On the nightly broadcast of the Indian version of Who Wants to Be a Millionaire?, Jamal Malik (Dev Patel), an uneducated orphan from the streets of Mumbai, is answering all of the questions correctly and is well on his way to 20 million rupees. He's suspected of cheating, and the local police engage in some Rumsfeldian practices to force him to confess. In spite of the application of enhanced interrogation techniques, Jamal insists that he did not cheat, and begins to tell the police the story of how, in the course of his life, he coincidentally came across the answers to all of the questions.
It's an interesting framing device, with each answer presenting a gateway to an incident that made Jamal the man he is. His tale starts when he's a boy of perhaps 7 (played at this stage by Ayush Mahesh Khedekar), and the police try to kill him, because, at least according to Slumdog Millionaire, India is a horrible, horrible place. For example, though only a grade-schooler, Jamal nonetheless has the manly responsibility of working as a toilet attendant. Trapped inside the feculent little chamber by his older brother, he must dive into a hole full of poop and then run, coated in feces, across a dirty field to get the autograph of a Bollywood superstar.
Luckily, that's the only poop-joke sequence in the film (though actually covering someone from head-to-toe with poop is equivalent to 13 lesser poop jokes on the standard Farrelly scale). Strangely, the poop dive is not the worst thing that happens in Jamal's life, as shortly thereafter, his mother is killed by Hindu fundamentalists who were on a religious mission to prove that they could be every bit as stupid and violent as Muslim, Christian and Jewish fundamentalists.
Cutting back and forth--between scenes in the police-interrogation room and the slums, garbage dumps and fraudulent orphanages where Jamal spent his youth--Slumdog Millionaire uses MTV-style fast edits and Bollywood-inspired music (by A.R. Rahman and M.I.A.) to create a frenetic and violent look at the outlaw life in modern Maharashtra and Utter Pradesh.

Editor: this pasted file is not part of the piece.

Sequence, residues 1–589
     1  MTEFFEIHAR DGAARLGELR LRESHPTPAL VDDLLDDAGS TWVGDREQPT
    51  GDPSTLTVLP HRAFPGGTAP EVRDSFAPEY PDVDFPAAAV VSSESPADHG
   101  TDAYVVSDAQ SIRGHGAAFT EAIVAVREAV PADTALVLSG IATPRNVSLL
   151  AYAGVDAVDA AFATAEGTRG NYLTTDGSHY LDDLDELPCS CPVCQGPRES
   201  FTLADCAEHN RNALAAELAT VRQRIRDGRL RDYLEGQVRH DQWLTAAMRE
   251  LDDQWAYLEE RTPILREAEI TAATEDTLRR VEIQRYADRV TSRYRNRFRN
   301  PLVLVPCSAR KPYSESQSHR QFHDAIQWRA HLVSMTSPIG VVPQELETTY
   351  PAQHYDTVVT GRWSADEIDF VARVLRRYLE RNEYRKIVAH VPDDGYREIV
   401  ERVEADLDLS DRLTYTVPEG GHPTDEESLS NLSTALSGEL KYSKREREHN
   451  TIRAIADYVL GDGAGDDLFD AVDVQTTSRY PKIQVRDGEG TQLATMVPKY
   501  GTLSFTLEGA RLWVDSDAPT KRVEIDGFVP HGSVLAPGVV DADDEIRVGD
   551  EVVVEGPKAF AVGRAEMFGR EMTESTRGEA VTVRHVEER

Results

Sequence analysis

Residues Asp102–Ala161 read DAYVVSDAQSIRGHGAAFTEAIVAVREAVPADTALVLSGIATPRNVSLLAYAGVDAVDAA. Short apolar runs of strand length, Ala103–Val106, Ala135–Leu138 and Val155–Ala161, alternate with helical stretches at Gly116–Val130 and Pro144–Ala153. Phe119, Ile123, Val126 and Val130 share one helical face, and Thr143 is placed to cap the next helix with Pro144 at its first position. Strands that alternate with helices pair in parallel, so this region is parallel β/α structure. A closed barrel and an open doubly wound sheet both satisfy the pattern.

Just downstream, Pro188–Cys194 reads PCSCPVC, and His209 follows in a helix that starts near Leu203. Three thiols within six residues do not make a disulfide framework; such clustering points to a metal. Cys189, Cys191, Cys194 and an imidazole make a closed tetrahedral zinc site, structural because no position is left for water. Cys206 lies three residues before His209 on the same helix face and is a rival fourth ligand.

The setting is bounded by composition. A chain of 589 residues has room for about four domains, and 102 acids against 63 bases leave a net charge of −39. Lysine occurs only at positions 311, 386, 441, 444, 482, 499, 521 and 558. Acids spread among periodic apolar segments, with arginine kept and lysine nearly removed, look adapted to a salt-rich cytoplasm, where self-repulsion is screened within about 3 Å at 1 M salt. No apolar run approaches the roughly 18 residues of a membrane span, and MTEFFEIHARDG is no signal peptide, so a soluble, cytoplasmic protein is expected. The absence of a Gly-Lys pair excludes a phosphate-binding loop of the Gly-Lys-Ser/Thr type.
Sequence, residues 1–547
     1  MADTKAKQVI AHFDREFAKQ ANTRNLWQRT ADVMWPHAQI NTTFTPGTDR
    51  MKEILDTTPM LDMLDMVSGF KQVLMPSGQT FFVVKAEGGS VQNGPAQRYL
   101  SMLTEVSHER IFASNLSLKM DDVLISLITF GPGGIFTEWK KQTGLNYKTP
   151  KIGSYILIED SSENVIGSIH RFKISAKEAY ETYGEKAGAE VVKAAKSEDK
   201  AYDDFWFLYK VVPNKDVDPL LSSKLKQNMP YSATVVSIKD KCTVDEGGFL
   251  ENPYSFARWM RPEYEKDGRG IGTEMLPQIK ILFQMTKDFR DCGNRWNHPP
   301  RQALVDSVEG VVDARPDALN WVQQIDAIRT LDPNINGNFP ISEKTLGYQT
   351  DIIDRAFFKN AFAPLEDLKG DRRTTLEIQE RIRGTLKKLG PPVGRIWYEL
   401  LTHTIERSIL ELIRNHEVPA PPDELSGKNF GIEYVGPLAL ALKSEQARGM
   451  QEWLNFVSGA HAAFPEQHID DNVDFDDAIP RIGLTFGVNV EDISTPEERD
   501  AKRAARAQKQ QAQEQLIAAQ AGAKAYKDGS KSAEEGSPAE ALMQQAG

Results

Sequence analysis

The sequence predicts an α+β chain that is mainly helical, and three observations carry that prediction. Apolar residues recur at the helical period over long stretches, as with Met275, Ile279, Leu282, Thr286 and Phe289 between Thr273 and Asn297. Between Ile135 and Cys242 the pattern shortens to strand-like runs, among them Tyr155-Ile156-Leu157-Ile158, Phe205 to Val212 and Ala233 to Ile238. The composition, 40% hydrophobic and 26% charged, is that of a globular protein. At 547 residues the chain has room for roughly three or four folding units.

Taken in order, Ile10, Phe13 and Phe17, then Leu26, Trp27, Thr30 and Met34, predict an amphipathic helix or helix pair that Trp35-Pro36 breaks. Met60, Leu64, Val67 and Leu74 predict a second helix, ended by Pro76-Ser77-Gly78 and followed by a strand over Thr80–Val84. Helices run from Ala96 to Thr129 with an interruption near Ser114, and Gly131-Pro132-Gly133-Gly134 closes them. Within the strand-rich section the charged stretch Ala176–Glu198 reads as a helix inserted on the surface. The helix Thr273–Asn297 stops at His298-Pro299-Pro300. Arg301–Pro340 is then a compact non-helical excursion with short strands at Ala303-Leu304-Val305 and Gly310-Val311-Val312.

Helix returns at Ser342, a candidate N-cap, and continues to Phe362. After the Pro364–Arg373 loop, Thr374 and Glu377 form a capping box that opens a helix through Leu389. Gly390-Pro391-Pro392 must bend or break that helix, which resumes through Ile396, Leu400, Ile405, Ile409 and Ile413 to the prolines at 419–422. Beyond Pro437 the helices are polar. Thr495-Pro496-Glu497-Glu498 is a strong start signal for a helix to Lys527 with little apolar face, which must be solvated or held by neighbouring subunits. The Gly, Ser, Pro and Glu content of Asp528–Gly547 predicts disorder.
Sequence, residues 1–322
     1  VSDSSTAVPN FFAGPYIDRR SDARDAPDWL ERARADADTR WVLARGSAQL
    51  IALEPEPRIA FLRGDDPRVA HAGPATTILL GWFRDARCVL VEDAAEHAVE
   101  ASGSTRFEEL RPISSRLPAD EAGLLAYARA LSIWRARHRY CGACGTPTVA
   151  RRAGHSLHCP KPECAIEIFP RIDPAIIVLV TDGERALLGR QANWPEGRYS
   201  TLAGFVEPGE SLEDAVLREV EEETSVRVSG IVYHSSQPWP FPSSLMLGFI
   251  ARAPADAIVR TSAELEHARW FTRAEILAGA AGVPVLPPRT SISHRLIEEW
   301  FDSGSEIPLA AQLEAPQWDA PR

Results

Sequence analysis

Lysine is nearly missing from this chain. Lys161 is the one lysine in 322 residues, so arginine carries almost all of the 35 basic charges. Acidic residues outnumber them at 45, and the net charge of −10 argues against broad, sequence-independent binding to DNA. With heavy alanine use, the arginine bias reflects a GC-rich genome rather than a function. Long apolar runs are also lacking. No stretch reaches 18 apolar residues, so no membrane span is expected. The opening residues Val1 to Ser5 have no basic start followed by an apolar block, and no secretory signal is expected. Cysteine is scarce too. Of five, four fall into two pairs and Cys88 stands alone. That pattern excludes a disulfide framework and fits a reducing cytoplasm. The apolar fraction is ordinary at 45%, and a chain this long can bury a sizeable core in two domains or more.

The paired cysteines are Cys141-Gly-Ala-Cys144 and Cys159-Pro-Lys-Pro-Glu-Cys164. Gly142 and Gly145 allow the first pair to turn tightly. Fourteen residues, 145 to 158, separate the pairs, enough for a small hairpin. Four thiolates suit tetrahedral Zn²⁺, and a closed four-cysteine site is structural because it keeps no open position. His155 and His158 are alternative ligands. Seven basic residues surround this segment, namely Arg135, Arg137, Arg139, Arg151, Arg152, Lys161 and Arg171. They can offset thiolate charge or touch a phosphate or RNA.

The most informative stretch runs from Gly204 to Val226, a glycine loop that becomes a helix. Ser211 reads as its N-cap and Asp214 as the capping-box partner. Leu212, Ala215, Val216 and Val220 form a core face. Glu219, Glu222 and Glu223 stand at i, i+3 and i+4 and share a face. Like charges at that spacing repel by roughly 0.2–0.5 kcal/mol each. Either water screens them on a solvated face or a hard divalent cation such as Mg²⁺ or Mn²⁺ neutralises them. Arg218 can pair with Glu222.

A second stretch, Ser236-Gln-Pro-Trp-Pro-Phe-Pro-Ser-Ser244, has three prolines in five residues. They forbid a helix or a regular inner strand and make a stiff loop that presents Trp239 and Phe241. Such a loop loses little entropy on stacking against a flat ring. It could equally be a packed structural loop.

The story revolves around Jamal's relationship with his brother Salim and his friend Latika (played as adult by Freida Pinto). Jamal and Latika meet up as fellow orphans, and are separated shortly thereafter. She then becomes the motivating factor in his life as he does everything he can to find her and free her from the gangsters who treat her as chattel.
Unfortunately, this romance is the weakest part of the film. While director Danny Boyle does a great job with his chase sequences and comic moments, he has no idea how to create a convincing romantic connection. You can postulate all sorts of reasons why Jamal remains obsessed with Latika for many years, even though he spent only a few months with her when he was not even 10 years old, but none of them are good enough to make a reunion between them in any way rewarding. While Jamal fights to be with her, and is developed as a complex individual with strong ethical motivations challenged by his horrifying life, Latika is basically just pretty--really pretty, but still, prettiness is not generally considered a personality trait.
I guess I shouldn't expect female characters to have character, and maybe it's too much to want movies not to be larded with stupid and sentimentally motivated sexism. But in so many other ways, Slumdog Millionaire is an intelligent, sensitive and well-made film, so this lapse bothered me. The action is neatly paced, with the framing sequence causing the story to unfold like a mystery. The cinematography is so gorgeously varied that I was surprised there was only one director of photography listed in the credits (Anthony Dod Mantle, who shot Manderlay, 28 Days Later and Festen). While the silly series of coincidences that allows Jamal to answer all the questions stretches credulity, it can at least be seen as coherent with the rags-to-riches genre.
But the reliance on a blank, characterless female in distress makes the ending, a gooey montage followed by a gauzy scene on a railway platform, somewhat unbearable. So even though I understand that word has come down from the Film Critic's Politburo that we're all supposed to praise Slumdog Millionaire, and I enjoyed much of it, I nonetheless found it to be a bit of a letdown.